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Diana Ferguson adjusts her perspective on civic engagement

DianFerguscongratulates Class 2012 Fellow Miguel OrtegDirector Customer Technology for ComEd an LGC graduatievent July 23 2012.

Diana Ferguson congratulates Class of 2012 Fellow Miguel Ortega, Director of Customer Technology for ComEd, at an LGC graduation event on July 23, 2012.

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Updated: March 5, 2013 5:51PM



I’m old enough to remember trick-or-treating with the orange UNICEF box. The boxes traveled with us as we went from house to house on Halloween night. Candy went in the bucket, and donations for charity went into the box.

I always looked forward to bringing that box — filled to the brim — back to school. I didn’t fully understand the sense of accomplishment I felt at the time, but I knew I was doing something good.

It was my teacher, Miss Wallace, who eventually gave me a term for the actions that brought on this feeling: civic engagement. She also shared with me a simple message I try to keep in mind while striving to become a better civic leader: Small actions can make a big difference.

Through personal experience, I’ve come to realize that those actions can make an even bigger difference if we work together.

Our city, like any major metropolitan area, faces many complex challenges. For much of my life, I did as much as I could individually — volunteering and donating money — but it wasn’t until I was brought face-to-face with these challenges as a Fellow of Leadership Greater Chicago (LGC) that I was able to see clearly how I fit into the bigger picture.

I admit to being more than a bit naive coming into LGC, a program that strives to bring together a diverse mix of leaders to tackle key issues facing our region. As a private-sector professional, I’d only thought about issues through the “corporate lens.” There were usually solutions available: Put a team of smart people on it, or raise more capital.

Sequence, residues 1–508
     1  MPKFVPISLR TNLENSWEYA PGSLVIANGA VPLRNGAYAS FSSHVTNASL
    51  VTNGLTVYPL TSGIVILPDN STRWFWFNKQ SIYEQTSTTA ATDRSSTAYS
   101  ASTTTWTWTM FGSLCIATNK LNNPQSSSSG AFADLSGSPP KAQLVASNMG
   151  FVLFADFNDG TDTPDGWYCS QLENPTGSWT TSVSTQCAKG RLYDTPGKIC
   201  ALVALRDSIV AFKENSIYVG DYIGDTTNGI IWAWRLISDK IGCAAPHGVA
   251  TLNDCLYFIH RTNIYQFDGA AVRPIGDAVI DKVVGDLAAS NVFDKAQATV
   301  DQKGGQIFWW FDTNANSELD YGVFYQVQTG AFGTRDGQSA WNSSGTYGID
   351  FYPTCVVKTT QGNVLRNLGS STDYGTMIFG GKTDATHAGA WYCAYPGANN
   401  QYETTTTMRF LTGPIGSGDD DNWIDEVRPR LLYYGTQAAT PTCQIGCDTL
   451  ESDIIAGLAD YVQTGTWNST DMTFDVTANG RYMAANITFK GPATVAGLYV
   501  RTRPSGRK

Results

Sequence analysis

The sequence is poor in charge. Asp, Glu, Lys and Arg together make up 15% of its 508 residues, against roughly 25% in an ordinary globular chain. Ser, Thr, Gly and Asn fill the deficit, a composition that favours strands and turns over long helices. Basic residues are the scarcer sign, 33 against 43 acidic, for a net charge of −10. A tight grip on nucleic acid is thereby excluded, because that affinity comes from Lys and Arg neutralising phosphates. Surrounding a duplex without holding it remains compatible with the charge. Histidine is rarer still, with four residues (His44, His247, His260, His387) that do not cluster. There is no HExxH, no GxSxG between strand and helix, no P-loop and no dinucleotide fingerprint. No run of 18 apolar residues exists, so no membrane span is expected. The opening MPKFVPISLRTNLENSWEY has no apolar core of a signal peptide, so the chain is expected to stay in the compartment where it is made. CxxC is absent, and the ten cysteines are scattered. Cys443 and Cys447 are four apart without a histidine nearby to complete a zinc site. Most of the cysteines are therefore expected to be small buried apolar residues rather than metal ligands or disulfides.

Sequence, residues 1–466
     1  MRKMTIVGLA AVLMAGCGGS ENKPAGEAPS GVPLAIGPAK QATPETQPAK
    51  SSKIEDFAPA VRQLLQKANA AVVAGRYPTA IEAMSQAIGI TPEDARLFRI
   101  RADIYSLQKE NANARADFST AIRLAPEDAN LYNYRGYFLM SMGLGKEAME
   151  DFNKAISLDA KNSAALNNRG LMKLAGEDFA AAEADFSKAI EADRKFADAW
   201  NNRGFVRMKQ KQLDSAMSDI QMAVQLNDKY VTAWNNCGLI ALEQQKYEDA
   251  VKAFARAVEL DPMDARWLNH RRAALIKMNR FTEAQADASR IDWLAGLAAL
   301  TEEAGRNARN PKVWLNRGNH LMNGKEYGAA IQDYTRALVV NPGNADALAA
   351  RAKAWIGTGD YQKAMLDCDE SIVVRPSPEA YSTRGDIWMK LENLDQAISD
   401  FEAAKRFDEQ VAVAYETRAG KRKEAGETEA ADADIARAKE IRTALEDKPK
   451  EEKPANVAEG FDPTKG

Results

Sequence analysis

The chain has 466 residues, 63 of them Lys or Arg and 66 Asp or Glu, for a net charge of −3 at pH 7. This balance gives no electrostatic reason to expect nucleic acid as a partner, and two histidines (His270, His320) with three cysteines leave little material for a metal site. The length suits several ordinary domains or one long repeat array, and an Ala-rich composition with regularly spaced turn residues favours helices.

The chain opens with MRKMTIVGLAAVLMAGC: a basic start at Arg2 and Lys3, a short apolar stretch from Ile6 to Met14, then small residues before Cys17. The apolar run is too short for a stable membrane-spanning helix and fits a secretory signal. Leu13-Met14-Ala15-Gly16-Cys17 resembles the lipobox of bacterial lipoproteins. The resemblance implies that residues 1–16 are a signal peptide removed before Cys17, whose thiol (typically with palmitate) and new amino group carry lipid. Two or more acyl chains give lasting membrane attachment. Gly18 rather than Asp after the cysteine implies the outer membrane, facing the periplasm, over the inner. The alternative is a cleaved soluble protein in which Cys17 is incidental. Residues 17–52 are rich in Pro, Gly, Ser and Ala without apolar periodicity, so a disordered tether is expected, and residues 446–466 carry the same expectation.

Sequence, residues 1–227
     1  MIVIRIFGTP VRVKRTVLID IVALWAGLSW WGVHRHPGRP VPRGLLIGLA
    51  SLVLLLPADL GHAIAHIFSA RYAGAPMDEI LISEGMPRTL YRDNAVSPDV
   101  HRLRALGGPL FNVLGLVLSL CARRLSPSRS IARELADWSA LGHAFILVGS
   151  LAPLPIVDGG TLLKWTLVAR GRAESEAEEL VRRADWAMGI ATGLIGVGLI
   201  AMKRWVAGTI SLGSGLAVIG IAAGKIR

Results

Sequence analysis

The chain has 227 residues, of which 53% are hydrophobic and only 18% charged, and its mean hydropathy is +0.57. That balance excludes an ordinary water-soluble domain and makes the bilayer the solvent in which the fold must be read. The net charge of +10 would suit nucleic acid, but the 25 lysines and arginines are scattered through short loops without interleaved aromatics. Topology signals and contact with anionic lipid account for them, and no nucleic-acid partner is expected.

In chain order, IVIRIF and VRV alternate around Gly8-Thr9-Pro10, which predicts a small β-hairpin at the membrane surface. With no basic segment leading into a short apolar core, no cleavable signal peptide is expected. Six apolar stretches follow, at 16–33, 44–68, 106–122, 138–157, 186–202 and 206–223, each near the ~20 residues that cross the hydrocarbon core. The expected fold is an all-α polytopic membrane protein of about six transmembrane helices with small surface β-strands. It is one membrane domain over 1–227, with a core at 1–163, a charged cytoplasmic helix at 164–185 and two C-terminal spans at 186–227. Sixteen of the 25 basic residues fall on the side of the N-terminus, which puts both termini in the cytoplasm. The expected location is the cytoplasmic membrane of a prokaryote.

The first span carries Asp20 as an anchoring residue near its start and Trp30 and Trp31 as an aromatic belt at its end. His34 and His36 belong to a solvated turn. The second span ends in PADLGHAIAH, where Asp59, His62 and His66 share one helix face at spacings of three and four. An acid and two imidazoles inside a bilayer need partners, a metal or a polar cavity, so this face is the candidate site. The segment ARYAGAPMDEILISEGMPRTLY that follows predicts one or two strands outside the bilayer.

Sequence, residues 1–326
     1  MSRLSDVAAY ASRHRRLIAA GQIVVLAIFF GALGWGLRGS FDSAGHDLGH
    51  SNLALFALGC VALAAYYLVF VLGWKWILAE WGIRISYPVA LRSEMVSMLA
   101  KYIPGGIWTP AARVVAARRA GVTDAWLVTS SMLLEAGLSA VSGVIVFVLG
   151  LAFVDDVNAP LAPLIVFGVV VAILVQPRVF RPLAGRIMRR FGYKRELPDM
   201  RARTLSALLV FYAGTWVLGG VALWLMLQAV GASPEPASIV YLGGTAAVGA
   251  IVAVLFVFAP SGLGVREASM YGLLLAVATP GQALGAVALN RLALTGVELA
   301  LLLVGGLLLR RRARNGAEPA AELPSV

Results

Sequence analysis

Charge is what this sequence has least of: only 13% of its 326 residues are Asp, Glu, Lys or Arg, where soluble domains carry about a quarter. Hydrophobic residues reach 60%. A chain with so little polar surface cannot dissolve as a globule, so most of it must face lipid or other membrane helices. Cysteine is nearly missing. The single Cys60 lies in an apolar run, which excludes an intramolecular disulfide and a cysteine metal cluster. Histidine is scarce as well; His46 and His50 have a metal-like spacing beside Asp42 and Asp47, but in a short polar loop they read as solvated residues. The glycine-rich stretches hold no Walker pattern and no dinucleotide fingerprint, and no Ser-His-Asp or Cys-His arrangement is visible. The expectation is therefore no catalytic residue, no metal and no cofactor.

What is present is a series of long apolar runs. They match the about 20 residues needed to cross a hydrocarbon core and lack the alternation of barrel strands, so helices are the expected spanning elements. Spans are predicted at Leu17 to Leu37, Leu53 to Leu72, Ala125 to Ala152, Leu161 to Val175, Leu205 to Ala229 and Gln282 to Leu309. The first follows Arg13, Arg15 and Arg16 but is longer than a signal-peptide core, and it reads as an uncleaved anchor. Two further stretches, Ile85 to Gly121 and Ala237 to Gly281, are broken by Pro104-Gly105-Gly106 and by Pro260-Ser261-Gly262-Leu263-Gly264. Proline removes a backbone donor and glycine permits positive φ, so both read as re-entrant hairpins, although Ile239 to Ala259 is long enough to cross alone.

What I quickly learned is the answer is never that simple. The Fellows in my class enabled me to see beyond my initial view, and I realized that it was far too narrow. Too often, even well-run organizations do not have the resources they need to get the job done. I learned that sometimes, compromises need to be made.

This may seem obvious to some, but my experiences hadn’t yet led me to that conclusion. What I came to realize through my LGC experience is that our views are based on what we know. And you must surround yourself with people who know something different so you can see the complete — the real — picture.

Too often we live our lives in an echo chamber of views similar to our own. Why? Because it’s easier. More than once, I became frustrated, even angry, about being forced to listen to alternative points of view. But managing to listen respectfully to these differing views was far better for me in the long run. It made me more empathetic, a better listener, and crystallized for me that it takes multifaceted approaches to tackle complex problems.

So I’d like to challenge you, like Miss Wallace challenged me so many years ago, to go out and take action — but before you do, take a moment to step outside what you know. Find someone different from you and see what they might do. I promise you’ll discover the solution you come up with together is even greater than you alone can imagine.

Leadership Greater Chicago’s annual fundraising event, the Celebrate Leaders Dinner, takes place Thursday evening at the Swissotel Chicago, where more than 550 Chicago-area business, civic and philanthropic leaders will convene. Steven Levitt, best-selling author of Freakonomics and Super-Freakonomics, is the keynote speaker. Visit
Lgcchicago.com for more information.



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